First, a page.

In recent history, this was probably one of the worst weeks for the global financial market. Wall Street experienced its lowest since 9/11. Asian markets too experienced 3-year lows. In Russia, the regulators had to halt trading for 2 days in a row.
But somehow the bulls managed to rebound towards the end of the week. U.S. stocks surged on Thursday, after the world's leading central banks swung into action to inject massive liquidity into the crumbling credit markets. The U.S. market on Thursday (September 18) recorded its biggest 1-day percentage gain since October 2002.
Although the Federal Reserve has decided against cutting rates, it lent $85 billion to AIG to keep its nose above water. Incidentally, from Monday, AIG will be replaced by Kraft Foods in the Dow Jones.Washington Mutual put itself on the block but the share price picked up later in the week on reports that Wells Fargo and Citigroup may be interested in buying the mortgage lender. Lehman Brothers declared bankruptcy but British bank Barclays is acquiring its core businesses in North America. Lloyds TSB of London is buying British home mortgage lender HBOS. Bank of America came to the rescue of Merrill Lynch.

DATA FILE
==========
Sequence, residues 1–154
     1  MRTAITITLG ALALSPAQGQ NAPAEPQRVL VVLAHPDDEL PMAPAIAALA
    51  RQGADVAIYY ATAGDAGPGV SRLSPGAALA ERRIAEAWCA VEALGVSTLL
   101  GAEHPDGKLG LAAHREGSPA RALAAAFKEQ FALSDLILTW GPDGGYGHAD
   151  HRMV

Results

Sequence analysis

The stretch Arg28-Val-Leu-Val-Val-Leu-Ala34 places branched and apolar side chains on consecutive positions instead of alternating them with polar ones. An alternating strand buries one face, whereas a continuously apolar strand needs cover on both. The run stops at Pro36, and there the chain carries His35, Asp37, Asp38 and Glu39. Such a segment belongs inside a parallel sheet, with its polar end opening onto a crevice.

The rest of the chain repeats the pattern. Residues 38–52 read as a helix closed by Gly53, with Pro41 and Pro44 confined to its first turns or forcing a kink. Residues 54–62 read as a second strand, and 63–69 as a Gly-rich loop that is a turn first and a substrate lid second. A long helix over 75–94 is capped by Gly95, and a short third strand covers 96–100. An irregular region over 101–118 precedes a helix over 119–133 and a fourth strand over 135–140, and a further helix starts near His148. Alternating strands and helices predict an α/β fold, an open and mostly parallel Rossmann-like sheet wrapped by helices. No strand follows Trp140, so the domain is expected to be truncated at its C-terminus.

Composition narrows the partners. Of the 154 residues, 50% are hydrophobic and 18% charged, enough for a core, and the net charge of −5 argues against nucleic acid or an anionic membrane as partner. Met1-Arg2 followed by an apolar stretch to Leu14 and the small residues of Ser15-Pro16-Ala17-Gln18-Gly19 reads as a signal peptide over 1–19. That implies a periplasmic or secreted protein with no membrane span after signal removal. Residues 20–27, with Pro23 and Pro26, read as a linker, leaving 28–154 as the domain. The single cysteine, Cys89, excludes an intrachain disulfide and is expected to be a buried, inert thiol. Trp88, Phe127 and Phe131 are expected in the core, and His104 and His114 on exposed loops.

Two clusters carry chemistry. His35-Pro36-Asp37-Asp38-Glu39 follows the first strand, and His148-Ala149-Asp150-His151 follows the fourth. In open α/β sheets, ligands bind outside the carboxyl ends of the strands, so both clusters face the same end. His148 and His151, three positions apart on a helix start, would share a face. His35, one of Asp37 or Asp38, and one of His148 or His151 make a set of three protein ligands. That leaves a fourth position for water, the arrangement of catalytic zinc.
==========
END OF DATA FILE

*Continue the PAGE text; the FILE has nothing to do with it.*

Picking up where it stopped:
Back home, the market did react violently on Monday. The Sensex witnessed an intra-day fall of 850 points on but recovered to end the day at 13,531, a fall of 470 points over Friday’s (September 12) close of 14,000. On Tuesday, the Sensex opened with a negative gap, touched a low of 13,052, remained range-bound before aggressive buying saw it close at 13,519. The market continued to slide the next day and closed at 13,262.90 on Wednesday. But the last 2 days of the week saw the bulls come out.
After the bulls reigned supreme on Wall Street on Thursday, markets all over the world got a boost. The Asian markets rallied on Friday, including India. European markets, which opened later, also joined the rally.